Visual History of the World

(CONTENTS)
 

 


HISTORY OF CIVILIZATION & CULTURE

From Prehistoric to Romanesque  Art
Gothic Art
Renaissance  Art
Baroque and Rococo Art
The Art of Asia
Neoclassicism, Romanticism  Art
Art Styles in 19th century
Art of the 20th century
Artists that Changed the World
Design and Posters
Photography
Classical Music
Literature and Philosophy

Visual History of the World
Prehistory
First Empires
The Ancient World
The Middle Ages
The Early Modern Period
The Modern Era
The World Wars and Interwar Period
The Contemporary World

Dictionary of Art and Artists

 




The Modern Era

1789 - 1914


In Europe, the revolutionary transformation of the ruling systems and state structures began with a bang: In 1789 the French Revolution broke out in Paris, and its motto "Liberte, Egalite, Fraternite"—Liberty, Equality, Brotherhood—took on an irrepressible force. A fundamental reorganization of society followed the French Revolution. The ideas behind the revolution were manifest in Napoleon's Code Civil, which he imposed on many European nations. The 19th century also experienced a transformation of society from another source: The Industrial Revolution established within society a poorer working class that stood in opposition to the merchant and trading middle class. The nascent United States was shaken by an embittered civil war. The economic growth that set in following that war was accompanied by the development of imperialist endeavors and its rise to the status of a Great Power.
 

 


 


Liberty Leading the People,
allegory of the 1830 July revolution that deposed the French monarchy,
with Marianne as the personification of liberty,
contemporary painting by Eugene Delacroix.

 

 


Latin America
 


1810-1914
 

 

When Napoleon occupied the Iberian Peninsula, the Spanish and Portuguese colonies in Latin America saw the defeat of the European metropoles as an opportunity for self-determination. In the next two decades, most of the South American states were able to gain independence under the leadership of the native Creoles—the descendents of Spanish colonists. Brazil was the only country to free itself from its motherland without military battles, however. Civil wars and internal political struggles shaped events in most of the states of Latin America for a long time after independence. The political organization of the states alternated between monarchies, dictatorships, and republics.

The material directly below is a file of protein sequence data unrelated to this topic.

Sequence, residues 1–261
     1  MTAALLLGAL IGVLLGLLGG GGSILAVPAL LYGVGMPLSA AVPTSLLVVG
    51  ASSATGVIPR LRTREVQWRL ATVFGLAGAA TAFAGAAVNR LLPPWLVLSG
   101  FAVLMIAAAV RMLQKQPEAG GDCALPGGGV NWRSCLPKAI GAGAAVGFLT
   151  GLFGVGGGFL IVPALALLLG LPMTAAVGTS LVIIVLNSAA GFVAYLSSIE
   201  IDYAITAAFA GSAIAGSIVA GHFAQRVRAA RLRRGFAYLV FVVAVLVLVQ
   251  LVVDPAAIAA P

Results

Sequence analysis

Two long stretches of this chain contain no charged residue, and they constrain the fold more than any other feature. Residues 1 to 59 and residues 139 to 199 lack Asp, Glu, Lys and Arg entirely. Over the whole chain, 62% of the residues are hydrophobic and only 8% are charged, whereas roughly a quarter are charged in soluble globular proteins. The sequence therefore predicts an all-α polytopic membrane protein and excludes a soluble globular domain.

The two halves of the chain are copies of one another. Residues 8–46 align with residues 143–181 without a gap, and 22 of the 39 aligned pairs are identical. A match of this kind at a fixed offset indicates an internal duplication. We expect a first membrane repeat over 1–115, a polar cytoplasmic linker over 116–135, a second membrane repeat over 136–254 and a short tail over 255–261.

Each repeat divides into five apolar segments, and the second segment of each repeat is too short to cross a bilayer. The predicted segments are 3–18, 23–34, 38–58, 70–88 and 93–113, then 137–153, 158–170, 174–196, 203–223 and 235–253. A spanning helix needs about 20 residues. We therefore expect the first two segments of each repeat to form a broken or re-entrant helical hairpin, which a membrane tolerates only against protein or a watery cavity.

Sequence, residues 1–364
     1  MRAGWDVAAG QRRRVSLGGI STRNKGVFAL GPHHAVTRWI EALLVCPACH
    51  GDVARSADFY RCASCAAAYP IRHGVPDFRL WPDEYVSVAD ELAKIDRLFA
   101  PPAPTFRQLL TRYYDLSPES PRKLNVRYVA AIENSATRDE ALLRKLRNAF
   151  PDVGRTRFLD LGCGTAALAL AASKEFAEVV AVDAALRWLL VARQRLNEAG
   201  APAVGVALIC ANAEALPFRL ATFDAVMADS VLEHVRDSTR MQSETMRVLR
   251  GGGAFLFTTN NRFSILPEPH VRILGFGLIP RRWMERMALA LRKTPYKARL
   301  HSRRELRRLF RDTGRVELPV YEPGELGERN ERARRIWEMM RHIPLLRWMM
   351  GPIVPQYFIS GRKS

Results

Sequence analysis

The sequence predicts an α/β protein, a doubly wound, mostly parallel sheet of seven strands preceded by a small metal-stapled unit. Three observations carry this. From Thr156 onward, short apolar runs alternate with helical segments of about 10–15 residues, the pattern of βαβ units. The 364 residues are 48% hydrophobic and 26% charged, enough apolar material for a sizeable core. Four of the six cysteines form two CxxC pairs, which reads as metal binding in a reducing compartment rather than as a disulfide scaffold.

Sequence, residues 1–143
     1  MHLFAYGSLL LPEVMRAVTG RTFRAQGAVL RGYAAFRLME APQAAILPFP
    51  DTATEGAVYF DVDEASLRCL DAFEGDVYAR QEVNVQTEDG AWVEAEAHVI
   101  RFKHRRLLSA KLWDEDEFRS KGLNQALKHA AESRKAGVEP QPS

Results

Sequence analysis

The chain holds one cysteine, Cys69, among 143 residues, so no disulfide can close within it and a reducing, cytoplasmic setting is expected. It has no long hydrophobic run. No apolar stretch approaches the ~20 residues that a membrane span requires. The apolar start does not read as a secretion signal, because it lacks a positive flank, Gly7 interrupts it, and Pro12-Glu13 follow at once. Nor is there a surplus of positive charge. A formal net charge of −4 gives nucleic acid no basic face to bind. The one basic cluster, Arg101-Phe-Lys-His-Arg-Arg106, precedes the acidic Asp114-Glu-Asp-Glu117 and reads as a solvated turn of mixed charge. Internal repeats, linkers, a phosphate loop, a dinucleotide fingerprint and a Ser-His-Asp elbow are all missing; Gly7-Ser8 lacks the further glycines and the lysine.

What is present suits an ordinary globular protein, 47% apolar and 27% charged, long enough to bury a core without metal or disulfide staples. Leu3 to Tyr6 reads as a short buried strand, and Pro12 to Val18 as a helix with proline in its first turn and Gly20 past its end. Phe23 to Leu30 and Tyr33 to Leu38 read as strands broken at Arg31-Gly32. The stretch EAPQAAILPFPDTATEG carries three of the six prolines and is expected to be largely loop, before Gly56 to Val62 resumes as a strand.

The South American Wars of Independence
 

Simon Bolivar fought for the independence of Venezuela and Colombia, while Jose de San Martin liberated Chile. Together the two commanded forces that expelled the Spaniards from Peru and the rest of the continent.

 

1 Simon Bolivar (1783-1830), one of the leaders of the Wars of Independence, was born into an aristocratic family of Spanish descent in Caracas, Venezuela.

After his mother's death when he was nine years old, he spent several years in Spain, where he formed a poor impression of the Court of Charles IV.

After two years in revolutionary France, he returned to Venezuela but was again in Paris for the coronation of Napoleon Bonaparte as Emperor.

Together with 2 Francisco deMiranda, the "Father of South American Independence," he helped free Venezuela from Spain in 1811-1812, although Spain was later able to reestablish its rule.

From New Granada (which included present-day Colombia), he resumed his battle, and Venezuela was again freed in 1817. In 1819 Bolivar announced the unification of Venezuela with New Granada to create Gran Colombia, of which he became the first president. Panama joined Gran Colombia in 1821 and Ecuador was added in 1822.
To the south, local elites in Rio de La Plata province had used the weakness of the central government in Napoleonic Spain to dislodge the viceroy in 1810. In 1816 a congress in Tucaman proclaimed the independence of the United Provinces of Rio de La Plata (present-day Argentina, Uruguay, Paraguay, and Bolivia).

Once the local Spanish forces had been expelled from the northwest of the region in a series of pitched battles, an Argentine army under 3 Jose de San Martin set off to free Chile and Peru.


1  Simon Bolivar


2 Francisco de Miranda


3 Jose de San Martin, 1909


Along with the Chilean revolutionary Bernardo O'Higgins, San Martin crossed the Andes mountains. The rebel army beat the Spanish in 1817 at Chacabuco. and he was able to proclaim the independence of Chile in 1818.

When San Martin marched on to Peru and reached Lima, the Spanish had already abandoned the town and Peru declared itself independent in 1821.

4 San Martin became president and joined the army of Simon Bolivar, who had marched down to Peru from the north. The battles at Junin and Ayacucho in Peru in 1824 marked the end of metropolitan Spain's dominion over South America.


4 The meeting (right) of San Martin and (left) Simon Bolívar in Guayaquil, Ecuador, on July 26, 1822,
where was decided the campaign of liberation of South America of the Spanish control.